Glenn, where do you do your research for the lists of regiments, is there an easy to access data base?


After Glenn mentored me with limited success on pictures, I can assure you that none of this is easy. Without his baseline knowledge there would be an incredibly bad experience. Glenn is a master.
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Re: Hannover Offizier

Post by stuka f » Fri May 24, 2013 3:53 am

Love it!
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Always looking for Belgian Congo stuff!
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cheers
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Re: Hannover Offizier

Post by edwin » Fri May 24, 2013 10:18 am

Nice find and thanks for sharing!

Best regards,

Edwin

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J.LeBrasseur
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Re: Hannover Offizier

Post by J.LeBrasseur » Fri May 24, 2013 9:19 pm

Super Nice!

James
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Re: Hannover Offizier

Post by b.loree » Sat May 25, 2013 12:31 pm

Tony's mystery method?........Easy Off Oven Cleaner to remove tarnish. I have used it many times on OR and officer wappen. You must spray it on over a sink wearing a rubber glove on the hand holding the wappen. Care must be taken.... spray and use your soft tooth brush to work the surface. Do this for 60 seconds or so then wash off the chemical and observe your results. Repeat as desired until you get the results you want. Watch gilded areas to make sure they are not being removed and be extra careful on officer gilded wappen. On this Waterloo officer wappen, I would not use it for fear of removing the black paint in the letters. Sometimes, the brass turns a sort of pink colour due to the chemical reaction, I always finish off with Hagerty Silver Foam paste again using water and a soft tooth brush to remove this. The paste builds up into a brown foam when mixed with water on your tooth brush. It gets down into the fine details of the wappen.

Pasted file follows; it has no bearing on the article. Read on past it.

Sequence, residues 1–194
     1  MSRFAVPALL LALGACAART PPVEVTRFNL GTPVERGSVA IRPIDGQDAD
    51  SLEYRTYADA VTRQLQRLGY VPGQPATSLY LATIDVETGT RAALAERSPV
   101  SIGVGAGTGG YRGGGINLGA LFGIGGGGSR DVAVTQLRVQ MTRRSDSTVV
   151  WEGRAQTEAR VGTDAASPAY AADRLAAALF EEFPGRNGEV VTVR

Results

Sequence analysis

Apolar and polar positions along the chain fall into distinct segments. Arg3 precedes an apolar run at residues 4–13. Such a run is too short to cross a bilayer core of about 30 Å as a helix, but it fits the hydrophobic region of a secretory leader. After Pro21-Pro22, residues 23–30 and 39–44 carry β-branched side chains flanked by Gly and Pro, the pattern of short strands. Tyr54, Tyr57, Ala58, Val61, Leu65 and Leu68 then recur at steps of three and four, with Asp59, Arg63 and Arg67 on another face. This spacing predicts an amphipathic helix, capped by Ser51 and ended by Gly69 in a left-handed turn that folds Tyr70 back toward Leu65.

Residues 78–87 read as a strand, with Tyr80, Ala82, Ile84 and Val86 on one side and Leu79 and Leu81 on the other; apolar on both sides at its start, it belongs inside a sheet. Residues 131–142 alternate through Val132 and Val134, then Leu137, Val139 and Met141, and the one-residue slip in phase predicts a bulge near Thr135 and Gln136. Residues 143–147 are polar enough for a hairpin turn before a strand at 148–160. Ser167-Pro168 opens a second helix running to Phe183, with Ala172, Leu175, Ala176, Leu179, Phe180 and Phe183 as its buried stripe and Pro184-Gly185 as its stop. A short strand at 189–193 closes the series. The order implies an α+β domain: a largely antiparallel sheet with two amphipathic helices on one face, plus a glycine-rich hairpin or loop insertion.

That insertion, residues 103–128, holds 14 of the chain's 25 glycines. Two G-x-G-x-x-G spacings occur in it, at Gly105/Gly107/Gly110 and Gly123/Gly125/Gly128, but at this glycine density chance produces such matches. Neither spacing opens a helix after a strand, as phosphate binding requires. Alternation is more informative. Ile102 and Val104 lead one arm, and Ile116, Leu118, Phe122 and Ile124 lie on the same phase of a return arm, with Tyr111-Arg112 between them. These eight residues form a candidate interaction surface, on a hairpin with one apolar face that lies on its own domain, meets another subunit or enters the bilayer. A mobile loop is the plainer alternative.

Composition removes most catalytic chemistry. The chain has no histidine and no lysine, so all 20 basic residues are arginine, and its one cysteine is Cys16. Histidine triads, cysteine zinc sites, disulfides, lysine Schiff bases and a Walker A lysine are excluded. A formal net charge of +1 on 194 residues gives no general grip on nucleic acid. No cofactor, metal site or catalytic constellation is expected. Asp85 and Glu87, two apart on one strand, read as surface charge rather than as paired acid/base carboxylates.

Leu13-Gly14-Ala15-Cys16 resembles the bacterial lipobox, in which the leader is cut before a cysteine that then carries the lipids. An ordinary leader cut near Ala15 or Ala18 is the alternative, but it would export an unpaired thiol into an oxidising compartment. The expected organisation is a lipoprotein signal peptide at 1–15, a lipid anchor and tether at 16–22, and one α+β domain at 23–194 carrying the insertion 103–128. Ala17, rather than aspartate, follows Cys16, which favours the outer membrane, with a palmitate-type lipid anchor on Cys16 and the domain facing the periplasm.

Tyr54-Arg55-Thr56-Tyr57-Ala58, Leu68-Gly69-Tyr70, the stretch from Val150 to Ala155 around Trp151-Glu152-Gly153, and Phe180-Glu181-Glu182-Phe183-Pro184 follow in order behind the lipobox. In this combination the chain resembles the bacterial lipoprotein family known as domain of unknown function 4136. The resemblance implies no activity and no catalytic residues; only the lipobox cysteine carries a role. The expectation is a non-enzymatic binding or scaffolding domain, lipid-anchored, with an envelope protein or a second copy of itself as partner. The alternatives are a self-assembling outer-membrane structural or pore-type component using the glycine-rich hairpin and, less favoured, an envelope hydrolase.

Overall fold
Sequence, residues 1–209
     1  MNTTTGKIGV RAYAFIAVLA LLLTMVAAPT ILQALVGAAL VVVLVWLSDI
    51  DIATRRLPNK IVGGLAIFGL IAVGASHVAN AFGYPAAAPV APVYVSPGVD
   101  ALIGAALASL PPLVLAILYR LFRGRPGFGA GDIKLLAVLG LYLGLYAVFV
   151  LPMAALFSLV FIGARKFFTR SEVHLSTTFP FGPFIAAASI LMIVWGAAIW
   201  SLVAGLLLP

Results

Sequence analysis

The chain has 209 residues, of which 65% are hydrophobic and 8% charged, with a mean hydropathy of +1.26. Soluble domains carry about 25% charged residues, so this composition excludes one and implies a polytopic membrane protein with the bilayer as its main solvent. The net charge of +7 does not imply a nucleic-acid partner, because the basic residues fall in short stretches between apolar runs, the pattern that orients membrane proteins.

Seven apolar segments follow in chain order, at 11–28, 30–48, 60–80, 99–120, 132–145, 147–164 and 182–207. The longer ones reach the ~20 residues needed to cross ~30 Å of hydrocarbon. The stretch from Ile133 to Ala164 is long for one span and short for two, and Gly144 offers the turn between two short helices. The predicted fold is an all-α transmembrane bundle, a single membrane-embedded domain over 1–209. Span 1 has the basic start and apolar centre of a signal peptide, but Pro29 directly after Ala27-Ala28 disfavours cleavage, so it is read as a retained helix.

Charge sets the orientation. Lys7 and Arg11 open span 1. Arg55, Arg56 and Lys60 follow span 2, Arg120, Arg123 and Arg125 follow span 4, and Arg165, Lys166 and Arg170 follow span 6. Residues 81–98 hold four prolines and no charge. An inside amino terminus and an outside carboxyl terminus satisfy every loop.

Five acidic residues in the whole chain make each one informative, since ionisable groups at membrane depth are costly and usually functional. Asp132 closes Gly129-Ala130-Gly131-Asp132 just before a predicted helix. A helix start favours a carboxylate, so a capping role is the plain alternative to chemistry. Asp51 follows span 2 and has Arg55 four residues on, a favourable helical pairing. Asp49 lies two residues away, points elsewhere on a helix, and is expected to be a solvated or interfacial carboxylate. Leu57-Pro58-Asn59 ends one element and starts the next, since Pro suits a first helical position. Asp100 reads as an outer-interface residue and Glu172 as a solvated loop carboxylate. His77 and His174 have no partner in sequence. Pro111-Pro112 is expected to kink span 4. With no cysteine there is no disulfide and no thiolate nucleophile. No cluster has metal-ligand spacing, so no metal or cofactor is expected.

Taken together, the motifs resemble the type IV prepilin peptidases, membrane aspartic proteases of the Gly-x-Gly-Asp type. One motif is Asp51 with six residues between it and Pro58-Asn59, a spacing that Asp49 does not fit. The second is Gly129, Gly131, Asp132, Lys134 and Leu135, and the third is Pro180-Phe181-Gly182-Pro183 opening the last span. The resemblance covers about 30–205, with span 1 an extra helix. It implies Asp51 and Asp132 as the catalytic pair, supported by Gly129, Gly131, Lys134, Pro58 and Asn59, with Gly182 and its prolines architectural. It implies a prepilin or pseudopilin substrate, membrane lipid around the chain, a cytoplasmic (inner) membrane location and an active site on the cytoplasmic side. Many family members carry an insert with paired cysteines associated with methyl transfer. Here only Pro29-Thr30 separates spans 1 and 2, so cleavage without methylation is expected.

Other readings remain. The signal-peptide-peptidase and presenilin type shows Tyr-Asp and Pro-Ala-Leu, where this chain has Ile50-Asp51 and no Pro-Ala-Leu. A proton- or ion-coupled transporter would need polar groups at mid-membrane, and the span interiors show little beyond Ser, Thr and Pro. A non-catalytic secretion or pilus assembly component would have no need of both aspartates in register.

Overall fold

Basically, I use the oven cleaner to get heavy tarnish off then go at it with the Hagerty paste. If the tarnish is relatively "light" I just use the Hagerty.
Regarding spikes, spines and other fittings.....you could begin with Brasso to remove heavy tarnish and then finish using a cloth polishing wheel with jewelers rouge. I use the wheel and rouge to clean chin scales, but you must be careful how you apply the scales to the spinning polishing wheel. You can also use a dremel tool with polishing bit and rouge for tight spots. Cleaning chin scales takes a lot of time and hand work. You can never really get under each scale to completely clean the one it overlaps. However, brown tarnished brass still looks a lot better when cleaned up. As a last comment..... this tarnish has taken 100+ years to build up. I would recommend cleaning a piece only once while you own it. Excessive repeated cleaning will damage the fittings. If you can live with the level of tarnish that is on your fittings, then leave them alone. Just as with the slight depression in Marcels' great Waterloo helme, it wasn't major so leave it alone. It is quite hard to wet and block small dips like this in a helmet. You may go through the entire process and the depression comes right back. Worst case scenario, some finish flakes off the area!